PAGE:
As with the previous law, various reviews are taken before any actions are made. The State Financial Authority, either the State Treasurer or Superintendent of Public Instruction, must provide an interim report within 20 days of creating a preliminary review to the local government. Then within 30 days, they must provide a final report to the Local Emergency Financial Assistance Review Board (ELB).[16] If the review finds a financial emergency exists, the local government is given four different choices: a consent agreement, chapter 9 bankruptcy, mediation or emergency manager.[6] Under this law, the State government pays the manager's pay under this version.[14] If an emergency manager is appointed, when the manager files his plan with the state, the local governing board may propose an alternative plan which the Local Emergency Financial Board will select which version the manager will implement. After one year, the manager may be removed by a 2/3 vote of the governing body.[6]

A "transition advisory board" may be appointed after an emergency manager leaves a governmental unit and is to oversee the unit's finances.[17] The law also allows the governor to impose a model charter or revise the existing one before the municipality exits receivership.[18]

School district dissolution[edit]

PA 72 provided statute for school districts to also come under Emergency Financial Manager. These powers were further extended under Public Act 10 of 1999, a separate state control arrangement, in which Detroit Public Schools operated under from 1999 through 2005 during the John Engler administration for academic reasons.[19] At the time the state assumed control in 1999, Detroit Public Schools had a budget surplus of nearly $115 million.[20] At the end of the 2005 school year, the final year of the state's initial period controlling Detroit Public Schools, the district had accumulated a $31 million deficit.[21]

Detroit Public Schools came under a financial emergency in 2009 under PA 72. With the expansion of emergency manager powers with PA 436, other schools have come under emergency management including school districts in the City of Muskegon Heights and City of Highland Park.[22]

On July 2, 2013, a school district dissolution provision was passed into law allowing school districts that are financially struggling to be dissolved [23] by the state treasurer and state superintendent[24] with the intermediate school district splitting up the district's territory between neighboring school districts.[25] Dissolved school districts become a tax-collecting unit, under the intermediate school district's control, to pay off debts.[26]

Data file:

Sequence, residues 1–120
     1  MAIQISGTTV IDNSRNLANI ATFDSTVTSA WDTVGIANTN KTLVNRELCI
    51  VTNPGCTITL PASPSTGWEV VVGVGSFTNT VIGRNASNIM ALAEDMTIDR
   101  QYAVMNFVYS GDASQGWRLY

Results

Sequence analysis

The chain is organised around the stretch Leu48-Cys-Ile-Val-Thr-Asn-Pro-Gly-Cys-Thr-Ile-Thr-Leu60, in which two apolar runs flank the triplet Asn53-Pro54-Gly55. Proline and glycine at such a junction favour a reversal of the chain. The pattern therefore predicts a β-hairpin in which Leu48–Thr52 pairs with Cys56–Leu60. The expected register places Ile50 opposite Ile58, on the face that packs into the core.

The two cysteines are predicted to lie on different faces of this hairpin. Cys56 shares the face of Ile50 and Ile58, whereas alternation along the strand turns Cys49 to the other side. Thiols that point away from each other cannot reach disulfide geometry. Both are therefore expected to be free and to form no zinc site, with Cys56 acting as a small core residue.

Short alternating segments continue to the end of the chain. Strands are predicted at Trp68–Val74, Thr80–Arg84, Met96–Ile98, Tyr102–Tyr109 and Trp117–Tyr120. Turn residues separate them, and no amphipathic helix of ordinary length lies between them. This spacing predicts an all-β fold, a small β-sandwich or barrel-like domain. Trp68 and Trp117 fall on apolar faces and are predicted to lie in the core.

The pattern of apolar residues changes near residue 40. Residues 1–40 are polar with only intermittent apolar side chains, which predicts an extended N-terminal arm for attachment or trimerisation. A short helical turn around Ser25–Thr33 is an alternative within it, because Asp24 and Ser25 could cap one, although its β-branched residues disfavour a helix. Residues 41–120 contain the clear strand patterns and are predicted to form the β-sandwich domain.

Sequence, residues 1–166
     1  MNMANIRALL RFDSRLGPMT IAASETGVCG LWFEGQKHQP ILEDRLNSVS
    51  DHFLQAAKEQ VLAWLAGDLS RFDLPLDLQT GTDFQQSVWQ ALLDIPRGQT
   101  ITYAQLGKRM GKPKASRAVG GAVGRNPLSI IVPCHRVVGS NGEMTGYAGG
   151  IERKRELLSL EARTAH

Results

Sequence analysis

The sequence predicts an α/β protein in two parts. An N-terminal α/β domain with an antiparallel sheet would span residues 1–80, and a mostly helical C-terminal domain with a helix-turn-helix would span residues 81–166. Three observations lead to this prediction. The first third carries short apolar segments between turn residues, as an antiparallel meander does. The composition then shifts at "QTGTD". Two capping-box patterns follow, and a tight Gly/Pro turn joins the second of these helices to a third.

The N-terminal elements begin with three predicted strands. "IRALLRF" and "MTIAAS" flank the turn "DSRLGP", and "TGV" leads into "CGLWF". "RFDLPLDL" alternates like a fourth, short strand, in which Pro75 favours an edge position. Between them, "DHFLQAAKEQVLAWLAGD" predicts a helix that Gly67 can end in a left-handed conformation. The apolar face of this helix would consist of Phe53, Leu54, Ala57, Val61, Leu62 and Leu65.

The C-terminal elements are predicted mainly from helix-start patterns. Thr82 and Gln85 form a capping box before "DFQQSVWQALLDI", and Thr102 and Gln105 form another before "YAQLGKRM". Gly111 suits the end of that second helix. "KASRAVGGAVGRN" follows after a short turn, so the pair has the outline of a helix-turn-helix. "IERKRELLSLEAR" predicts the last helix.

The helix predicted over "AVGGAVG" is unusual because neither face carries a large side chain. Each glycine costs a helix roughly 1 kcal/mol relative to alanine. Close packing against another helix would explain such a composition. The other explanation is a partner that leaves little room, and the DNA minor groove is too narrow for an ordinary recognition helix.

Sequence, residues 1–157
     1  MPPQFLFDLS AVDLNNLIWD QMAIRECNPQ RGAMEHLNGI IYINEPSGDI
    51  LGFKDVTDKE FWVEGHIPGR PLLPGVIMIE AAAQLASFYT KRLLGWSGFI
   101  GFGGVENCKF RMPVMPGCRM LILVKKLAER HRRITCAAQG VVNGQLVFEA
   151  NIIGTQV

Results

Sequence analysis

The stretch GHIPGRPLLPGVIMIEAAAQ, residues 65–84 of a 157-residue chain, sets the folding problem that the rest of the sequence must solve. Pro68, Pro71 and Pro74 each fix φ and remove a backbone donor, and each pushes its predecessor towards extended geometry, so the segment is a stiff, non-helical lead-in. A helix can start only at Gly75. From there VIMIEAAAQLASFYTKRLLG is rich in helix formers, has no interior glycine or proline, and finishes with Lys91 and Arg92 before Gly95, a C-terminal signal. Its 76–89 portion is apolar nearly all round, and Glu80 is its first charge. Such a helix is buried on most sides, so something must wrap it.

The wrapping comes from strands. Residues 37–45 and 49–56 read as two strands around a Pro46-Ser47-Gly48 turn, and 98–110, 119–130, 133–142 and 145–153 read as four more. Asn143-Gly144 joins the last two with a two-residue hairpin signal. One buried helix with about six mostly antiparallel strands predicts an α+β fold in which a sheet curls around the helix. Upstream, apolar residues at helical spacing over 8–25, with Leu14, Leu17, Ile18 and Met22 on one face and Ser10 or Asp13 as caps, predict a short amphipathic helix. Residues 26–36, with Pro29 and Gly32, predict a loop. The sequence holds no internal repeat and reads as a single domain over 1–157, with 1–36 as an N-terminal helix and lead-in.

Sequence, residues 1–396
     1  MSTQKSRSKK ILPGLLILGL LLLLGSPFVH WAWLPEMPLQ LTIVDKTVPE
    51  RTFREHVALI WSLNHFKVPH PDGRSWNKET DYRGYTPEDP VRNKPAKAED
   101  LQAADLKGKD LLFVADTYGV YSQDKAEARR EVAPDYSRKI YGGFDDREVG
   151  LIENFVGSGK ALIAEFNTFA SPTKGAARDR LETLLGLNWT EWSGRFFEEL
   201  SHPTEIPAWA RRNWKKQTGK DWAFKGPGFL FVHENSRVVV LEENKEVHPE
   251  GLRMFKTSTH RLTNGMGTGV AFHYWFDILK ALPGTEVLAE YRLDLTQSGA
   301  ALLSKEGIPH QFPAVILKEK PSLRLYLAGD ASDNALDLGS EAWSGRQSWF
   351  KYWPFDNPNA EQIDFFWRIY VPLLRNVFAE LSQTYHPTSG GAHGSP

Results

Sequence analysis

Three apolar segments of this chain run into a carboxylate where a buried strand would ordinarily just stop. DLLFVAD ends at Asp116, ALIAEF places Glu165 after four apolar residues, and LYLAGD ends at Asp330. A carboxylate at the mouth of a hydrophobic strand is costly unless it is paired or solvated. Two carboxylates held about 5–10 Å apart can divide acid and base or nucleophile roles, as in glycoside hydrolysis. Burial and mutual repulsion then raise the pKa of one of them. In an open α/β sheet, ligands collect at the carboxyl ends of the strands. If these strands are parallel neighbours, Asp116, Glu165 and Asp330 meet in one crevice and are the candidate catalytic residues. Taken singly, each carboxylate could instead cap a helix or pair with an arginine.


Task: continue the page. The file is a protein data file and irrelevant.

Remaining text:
Dissolved school districts

Local Emergency Financial Assistance Loan Board[edit]

The Local Emergency Financial Assistance Loan Board (ELB) is ex officio formed board consisting of the State Treasurer of Michigan, director of licensing and regulatory affairs and the Director of Technology, Management and Budget as members or their respective designees.[28] The Board selects the emergency manager and chooses between the emergency manager's cost cutting plan and the local unit board's alternative plan.[6] The ELB approves all major financial decisions over $10,000 while a municipality is under emergency management, including transfers of publicly owned assets.[citation needed]

Emergency manager[edit]

An emergency manager, formerly an emergency financial manager, is an official appointed by the governor to take control of a local government under a financial emergency in the State of Michigan and is not the same as an emergency manager as defined by the International Association of Emergency Managers (IAEM) and the U.S. Department of Labor job classification.[29] A manager temporarily supplants the governing body, chief executive officer, or chief administrative officer of the local government and has the authority to remove any of the unit's elected officials should they refuse to provide any information or assistance.[30] Managers have complete control over the local unit with the ability to reduce pay, outsource work, reorganize departments and modify employee contracts.[31] Emergency managers assigned to school districts may transfer failing schools to the Education Achievement Authority.[32]

List of emergency managers[edit]

Local Government Term Manager Governor
City of Allen Park October 2012–September 2014 Joyce A. Parker Rick Snyder[33][34]
City of Benton Harbor Apr 2010 - Jan 2013 Joseph Harris Jennifer Granholm
January 2013–March 2014 Tony Saunders Rick Snyder[35][36][37]
City of Detroit March 2013– December 10, 2014 Kevyn Orr Rick Snyder[11]
City of Ecorse Oct 2009 - Apr 2013 Joyce A. Parker Jennifer Granholm
City of Flint Jul 2002 - Jun 2004 Ed Kurtz John Engler
Dec 2011 - Aug 2012 Michael Brown Rick Snyder
Aug 2012 - July 2013 Ed Kurtz Rick Snyder